miss? Let me know with a comment down below. New videos every Saturday morning, so make
sure you’re subscribed. If you want to chat with me in real time,
hit the notification bell because I’m in the comments for the first hour after a video
uploads. Much love to you all, and I will see you guys
in that next one.

100 thoughts on “10 COLLEGE STUDENT MISTAKES to Avoid

  1. Your videos are always so helpful Dr.Jabal !! I used them through my college these past 2 years. I’m moving to a 4yr university this autumn. & I am deff re-watching ur videos to update my knowledge & implement ur information shared 💕❤️

  2. I'll be a freshman in college this upcoming fall and just registered for classes yesterday. One of them is specifically about learning how I learn, the best techniques for learning, and how to improve upon my current strategies!

  3. At my school, AP classes are said to be by some students and teachers, “Harder than college” this maybe true especially bc I’m going to a small, town school. Is this true ? (I’m studying environmental science )

  4. Depression is like ehh I don’t really wanna do this rn… or at all. Then my anxiety is like get this sh*t done now, like rn. For some people anxiety wins and for some, depression wins.

  5. Please do a credit card optimization video! I recently turned 18 and I need to start building my credit in the only way I can, and I don’t want to be in financial traps like my mother has been.

  6. I didn't even know how much I needed this video up to this moment. Thank you for always keeping it 100% and sharing your experiences with us. We really appreciate it. Some of this hit really hard and that means we're off to a good start to change them. THANK YOU!

  7. I actually did worse in high school than my first year of college. College really just takes more adaptation than people really expect. I know I felt like I didn’t know what I was doing when I first started college and I really had to redo all of my study strategies. I always attended class and made it look like I was paying attention even if I wasn’t and it helped me to finish with a 3.96 gpa for my first year. It’s doable, just prepare to adapt to the new environment.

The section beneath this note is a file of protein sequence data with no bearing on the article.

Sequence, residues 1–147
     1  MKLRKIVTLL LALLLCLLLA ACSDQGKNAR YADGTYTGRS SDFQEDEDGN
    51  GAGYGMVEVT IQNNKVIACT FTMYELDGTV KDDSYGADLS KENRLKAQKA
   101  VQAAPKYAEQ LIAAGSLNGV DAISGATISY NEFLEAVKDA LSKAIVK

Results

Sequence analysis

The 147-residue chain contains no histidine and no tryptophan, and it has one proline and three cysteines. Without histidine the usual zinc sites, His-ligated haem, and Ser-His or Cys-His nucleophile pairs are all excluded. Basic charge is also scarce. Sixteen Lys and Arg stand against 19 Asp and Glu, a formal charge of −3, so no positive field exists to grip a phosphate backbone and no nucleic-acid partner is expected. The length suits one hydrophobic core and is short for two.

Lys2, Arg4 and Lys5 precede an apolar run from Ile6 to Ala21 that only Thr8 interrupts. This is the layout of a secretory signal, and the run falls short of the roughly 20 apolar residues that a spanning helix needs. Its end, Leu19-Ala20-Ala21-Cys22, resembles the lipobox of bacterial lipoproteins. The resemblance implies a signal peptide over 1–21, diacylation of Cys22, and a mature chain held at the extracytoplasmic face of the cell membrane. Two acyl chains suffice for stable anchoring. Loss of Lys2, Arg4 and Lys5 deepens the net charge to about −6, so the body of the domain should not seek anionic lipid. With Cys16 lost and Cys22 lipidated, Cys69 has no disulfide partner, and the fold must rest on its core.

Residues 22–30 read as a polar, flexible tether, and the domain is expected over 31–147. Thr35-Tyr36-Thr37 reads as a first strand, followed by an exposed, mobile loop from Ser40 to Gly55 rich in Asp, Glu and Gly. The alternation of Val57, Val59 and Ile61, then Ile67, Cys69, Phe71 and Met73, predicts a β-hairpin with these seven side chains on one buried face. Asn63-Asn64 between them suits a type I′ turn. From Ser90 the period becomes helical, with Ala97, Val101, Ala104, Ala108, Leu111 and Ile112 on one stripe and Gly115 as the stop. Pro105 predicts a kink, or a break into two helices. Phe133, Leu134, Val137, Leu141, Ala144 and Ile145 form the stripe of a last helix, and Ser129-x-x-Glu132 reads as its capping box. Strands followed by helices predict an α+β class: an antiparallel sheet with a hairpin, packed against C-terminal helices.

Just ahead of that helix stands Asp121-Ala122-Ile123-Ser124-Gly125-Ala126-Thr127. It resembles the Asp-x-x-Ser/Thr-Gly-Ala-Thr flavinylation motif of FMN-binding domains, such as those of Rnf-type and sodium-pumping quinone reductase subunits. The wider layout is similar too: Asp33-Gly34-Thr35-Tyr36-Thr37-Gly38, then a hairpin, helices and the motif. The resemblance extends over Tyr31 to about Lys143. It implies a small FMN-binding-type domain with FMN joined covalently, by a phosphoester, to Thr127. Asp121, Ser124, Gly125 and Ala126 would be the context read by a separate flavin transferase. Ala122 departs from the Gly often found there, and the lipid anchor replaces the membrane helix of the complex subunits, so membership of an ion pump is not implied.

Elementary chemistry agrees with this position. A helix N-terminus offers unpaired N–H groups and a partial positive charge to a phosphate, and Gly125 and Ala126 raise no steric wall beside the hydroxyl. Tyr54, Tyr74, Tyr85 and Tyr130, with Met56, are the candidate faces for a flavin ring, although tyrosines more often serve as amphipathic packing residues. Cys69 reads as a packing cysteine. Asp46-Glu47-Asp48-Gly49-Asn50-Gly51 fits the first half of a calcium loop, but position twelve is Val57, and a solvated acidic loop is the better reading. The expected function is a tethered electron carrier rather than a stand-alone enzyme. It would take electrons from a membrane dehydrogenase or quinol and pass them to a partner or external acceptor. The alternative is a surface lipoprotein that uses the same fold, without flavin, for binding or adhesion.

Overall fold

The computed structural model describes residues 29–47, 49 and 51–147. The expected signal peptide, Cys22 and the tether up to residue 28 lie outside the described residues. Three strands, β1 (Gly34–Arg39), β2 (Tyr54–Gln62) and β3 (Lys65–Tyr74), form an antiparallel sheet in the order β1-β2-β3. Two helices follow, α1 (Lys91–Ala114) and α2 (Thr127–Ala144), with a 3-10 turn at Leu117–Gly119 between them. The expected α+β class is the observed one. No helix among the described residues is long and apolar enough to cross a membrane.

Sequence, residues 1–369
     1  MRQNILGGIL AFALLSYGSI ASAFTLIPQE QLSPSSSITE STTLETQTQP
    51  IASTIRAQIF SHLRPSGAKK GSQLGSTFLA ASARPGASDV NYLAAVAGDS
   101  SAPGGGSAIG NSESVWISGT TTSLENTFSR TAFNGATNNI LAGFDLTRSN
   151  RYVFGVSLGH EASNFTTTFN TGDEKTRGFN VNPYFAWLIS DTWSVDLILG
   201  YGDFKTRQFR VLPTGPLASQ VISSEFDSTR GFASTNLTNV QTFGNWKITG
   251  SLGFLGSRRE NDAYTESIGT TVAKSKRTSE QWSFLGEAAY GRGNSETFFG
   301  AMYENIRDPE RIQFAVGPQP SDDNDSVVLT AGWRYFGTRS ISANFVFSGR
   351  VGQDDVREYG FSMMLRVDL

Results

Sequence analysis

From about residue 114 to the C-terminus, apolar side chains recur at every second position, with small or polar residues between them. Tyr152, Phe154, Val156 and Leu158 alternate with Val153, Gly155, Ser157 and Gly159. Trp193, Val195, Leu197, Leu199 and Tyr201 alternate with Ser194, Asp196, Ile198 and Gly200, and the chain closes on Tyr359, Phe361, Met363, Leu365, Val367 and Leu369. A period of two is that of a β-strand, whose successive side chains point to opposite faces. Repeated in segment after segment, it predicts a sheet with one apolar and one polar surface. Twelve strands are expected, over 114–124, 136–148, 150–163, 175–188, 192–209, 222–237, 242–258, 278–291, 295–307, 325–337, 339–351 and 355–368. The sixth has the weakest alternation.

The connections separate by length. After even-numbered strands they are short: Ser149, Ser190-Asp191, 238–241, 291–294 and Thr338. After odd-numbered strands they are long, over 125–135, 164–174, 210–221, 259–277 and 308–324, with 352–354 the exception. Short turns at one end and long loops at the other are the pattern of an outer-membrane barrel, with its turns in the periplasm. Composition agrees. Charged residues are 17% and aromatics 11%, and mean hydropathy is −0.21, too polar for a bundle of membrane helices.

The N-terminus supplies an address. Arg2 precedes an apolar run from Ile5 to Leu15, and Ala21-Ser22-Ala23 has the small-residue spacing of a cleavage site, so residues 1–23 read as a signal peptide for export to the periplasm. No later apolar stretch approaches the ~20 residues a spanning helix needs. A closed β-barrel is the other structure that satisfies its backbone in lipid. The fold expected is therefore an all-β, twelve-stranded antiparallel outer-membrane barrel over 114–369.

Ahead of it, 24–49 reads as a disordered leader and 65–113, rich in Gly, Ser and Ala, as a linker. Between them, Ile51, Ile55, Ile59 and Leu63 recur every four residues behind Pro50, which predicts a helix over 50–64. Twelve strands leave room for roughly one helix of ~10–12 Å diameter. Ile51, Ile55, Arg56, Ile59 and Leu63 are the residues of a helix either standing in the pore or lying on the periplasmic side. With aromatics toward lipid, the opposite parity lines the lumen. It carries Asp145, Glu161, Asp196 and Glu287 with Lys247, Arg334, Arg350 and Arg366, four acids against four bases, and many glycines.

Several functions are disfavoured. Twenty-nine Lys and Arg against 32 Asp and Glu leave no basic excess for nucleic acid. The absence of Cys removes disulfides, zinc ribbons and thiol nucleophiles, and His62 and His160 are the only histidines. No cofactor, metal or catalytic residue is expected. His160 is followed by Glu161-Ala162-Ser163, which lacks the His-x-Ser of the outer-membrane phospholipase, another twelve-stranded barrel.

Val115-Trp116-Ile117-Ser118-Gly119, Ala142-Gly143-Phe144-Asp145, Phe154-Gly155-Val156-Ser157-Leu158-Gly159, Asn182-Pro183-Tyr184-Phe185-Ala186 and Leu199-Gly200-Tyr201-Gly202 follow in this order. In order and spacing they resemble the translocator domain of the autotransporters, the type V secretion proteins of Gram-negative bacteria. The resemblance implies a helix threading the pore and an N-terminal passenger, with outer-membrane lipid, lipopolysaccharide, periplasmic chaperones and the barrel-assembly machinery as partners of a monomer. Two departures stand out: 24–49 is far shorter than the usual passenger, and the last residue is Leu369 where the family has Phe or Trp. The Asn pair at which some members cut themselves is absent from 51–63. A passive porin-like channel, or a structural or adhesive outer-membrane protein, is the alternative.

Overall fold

8. Great video as always Dr. Jubbal! Definitely agree with learning how to learn part. What are your thoughts on students just going through life by only following good advice and not figuring out things on their own though. I feel like it's so easy to get stuck in that checklist mentality and be afraid of making mistakes, such that it makes it difficult to create that narrative in a persons life without them having to figure out what things mean to them on their own.

  9. Thank you! For saying don’t take advice from me if it is not working . I used to record and take notes from them, but now I don’t and I can see that it is not working for me

  10. Thank you so much for the time and effort you take on making these videos! I was wondering if you could answer my question or make a video about the option of paying medical school by joining the US Military? I know medical school costs a lot and there’s options of loans. However, would you recommend one to rather receive a loan or try to pay for it through joining the US military? Thank you so much in advance